Pete Morelewicz

Giving Us a Voice

I am not a care provider, but I feel comfortable sitting with Josephine while Phyllis goes for a walk or runs an errand.” Phyllis agrees, “Nancy is so flexible. I never know when something will come up, so I appreciate that Nancy is willing to come at different times when we need to reschedule. And I’m comfortable if I need to go out, knowing that my grandmother will be here having quality time with Nancy.” Nancy went on to explain, “Volunteering fills a need in my life. We have developed a unique family bond. Josephine’s family is like an extension of my family.” Phyllis and Josephine also feel like Nancy is family. Sometimes the three of them will have lunch together or celebrate a holiday or birthday together. Phyllis affirms that the Senior Visitors Program has been a wonderful experience for their family. They are so grateful for Nancy’s cheerful friendship and the connections they have made in the community through the Senior Visitors Program. April is a fitting time to pay tribute to Nancy, the many volunteers who serve in the Senior Visitors Program, and all the volunteers who serve in any April is capacity in our community. National Volunteer Month - a time to recognize and celebrate the time, talents, and support volunteers contribute – bringing strength and unity to our community. Thank someone you know who volunteers or become a volunteer this month! For more information call Mental Health America of Fredericksburg at (540) 371-2704 or visit their website at mhafred.org to download volunteer or senior applications. Laurie Black is the Administrative Ass’t for the Senior Visitor’s Program

Front porch fredericksburg

Do you want to take a more active part in your community, but wonder how to really make a difference? Virginia Organizing was created for just that reason: to empower us with tools to take action and create lasting change. Virginia Organizing is a non-profit, grass-roots group that offers opportunities for community members to speak up and address issues that affect their quality of life. This non-partisan organization’s mission states that it strives to get people to work together toward change in a nonviolent, democratic way. “I started with Virginia Organizing because it really is about making change,” says August Donahue, a Virginia Organizing leader. “As we put our agenda forward each year, we look at stakeholders, as well as the likelihood of success, in order to make the change the community asks for.” Virginia Organizing works on national and statewide issues, but each chapter looks at community needs and addresses those local issues as the main part of their yearly agenda. The local Fredericksburg area chapter has addressed issues such as disparities in disciplinary action within our schools, which resulted in the recent memorandum of understanding between the Spotsylvania Sheriff’s Department and Spotsylvania County Schools. They have also worked to have a mural changed in order to better represent community diversity. “There is a wide gamut of things that we do. Through workshops and marches, as well as voter registration days, we work to help the community speak up for themselves,” says Eunice Haigler, another leader in the organization. “We welcome members of the community to come to us with concerns that are important to them, because one of our main goals is to give people a voice.” Workshops that Virginia Organizing holds range from topics such as dismantling racism to restoration of rights, and they also teach members how to lobby and write letters to the editor to advocate for change. Nationwide and statewide issues such as immigration, social security, healthcare and voter’s rights are also addressed within the organization. “One of the reasons I love Virginia Organizing is that people have the freedom to choose an issue that they are passionate about, and we give them tools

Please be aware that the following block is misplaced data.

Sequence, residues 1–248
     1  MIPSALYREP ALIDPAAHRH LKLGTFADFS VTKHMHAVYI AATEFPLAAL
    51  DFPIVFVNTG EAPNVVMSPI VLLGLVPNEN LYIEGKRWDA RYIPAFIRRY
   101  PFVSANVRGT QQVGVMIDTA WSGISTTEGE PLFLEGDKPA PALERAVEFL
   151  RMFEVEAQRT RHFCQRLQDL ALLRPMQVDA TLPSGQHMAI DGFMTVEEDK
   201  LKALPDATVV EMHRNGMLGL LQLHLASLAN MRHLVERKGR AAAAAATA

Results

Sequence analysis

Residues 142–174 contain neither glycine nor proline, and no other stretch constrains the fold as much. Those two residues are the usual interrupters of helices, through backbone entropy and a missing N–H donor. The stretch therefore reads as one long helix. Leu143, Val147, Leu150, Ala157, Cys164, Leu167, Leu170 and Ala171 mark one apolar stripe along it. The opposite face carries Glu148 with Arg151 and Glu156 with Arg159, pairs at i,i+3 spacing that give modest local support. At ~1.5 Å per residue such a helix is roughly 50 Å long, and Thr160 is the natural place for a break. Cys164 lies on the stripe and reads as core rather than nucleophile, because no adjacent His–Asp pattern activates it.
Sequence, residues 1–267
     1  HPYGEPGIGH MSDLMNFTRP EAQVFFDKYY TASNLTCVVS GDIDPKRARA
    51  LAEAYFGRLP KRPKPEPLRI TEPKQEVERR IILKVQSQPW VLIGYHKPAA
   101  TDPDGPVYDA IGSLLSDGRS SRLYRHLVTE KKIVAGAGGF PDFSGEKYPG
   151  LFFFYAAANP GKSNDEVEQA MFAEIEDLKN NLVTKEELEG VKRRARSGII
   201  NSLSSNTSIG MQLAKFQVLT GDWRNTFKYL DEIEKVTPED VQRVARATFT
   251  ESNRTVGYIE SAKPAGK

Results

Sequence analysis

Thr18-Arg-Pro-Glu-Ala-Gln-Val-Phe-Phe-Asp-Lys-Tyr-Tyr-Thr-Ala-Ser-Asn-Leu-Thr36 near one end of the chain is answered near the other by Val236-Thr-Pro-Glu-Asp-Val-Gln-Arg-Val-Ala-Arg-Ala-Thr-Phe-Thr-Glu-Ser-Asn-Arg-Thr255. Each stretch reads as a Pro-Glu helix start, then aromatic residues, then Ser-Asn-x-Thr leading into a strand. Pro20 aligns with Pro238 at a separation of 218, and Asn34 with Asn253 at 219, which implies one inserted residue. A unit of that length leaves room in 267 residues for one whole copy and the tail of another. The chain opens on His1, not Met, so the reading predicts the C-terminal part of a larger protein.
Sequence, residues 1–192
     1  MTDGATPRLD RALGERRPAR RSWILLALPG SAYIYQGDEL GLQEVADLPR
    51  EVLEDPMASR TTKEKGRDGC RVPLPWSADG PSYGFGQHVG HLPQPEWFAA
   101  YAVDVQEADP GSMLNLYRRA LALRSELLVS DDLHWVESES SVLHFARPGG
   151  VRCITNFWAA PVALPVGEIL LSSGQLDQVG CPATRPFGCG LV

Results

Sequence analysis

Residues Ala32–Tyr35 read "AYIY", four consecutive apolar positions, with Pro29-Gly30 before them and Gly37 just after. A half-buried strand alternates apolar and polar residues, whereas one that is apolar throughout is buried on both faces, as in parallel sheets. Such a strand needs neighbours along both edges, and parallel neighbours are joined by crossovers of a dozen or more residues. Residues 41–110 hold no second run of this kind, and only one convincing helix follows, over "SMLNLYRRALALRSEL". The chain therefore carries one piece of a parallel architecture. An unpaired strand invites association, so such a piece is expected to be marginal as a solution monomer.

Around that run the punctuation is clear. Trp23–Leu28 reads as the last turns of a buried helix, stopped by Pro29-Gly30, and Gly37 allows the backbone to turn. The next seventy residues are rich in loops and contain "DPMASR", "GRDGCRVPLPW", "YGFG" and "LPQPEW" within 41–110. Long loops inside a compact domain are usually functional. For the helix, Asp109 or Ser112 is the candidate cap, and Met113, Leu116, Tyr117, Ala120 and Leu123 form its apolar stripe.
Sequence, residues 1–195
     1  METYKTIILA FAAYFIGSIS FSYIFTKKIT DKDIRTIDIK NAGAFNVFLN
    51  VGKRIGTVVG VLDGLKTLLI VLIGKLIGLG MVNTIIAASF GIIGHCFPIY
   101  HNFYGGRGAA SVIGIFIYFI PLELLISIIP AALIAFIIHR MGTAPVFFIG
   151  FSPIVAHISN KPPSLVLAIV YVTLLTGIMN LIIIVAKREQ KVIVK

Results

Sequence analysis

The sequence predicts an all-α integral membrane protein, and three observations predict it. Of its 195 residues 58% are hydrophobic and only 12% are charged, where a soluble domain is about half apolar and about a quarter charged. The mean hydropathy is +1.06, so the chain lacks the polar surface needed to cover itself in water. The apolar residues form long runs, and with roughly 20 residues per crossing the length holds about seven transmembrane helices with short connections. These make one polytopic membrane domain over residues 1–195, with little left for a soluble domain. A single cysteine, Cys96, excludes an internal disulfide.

By A.E. Bayne

to effect change,” says Donahue. “If there is something you want addressed, we are happy to listen and decide if it is something we truly can work toward.” Meetings are held on the 3rd

Pete Morelewicz is a new face on the Fredericksburg arts scene. After twenty years of working as a graphic designer in Washington, D.C., Morelewicz and his wife, Christine Henry, recently moved to Fredericksburg so that Henry could be closer to her job at UMW and so Morelewicz might pursue something he felt he couldn't in D.C., a career as an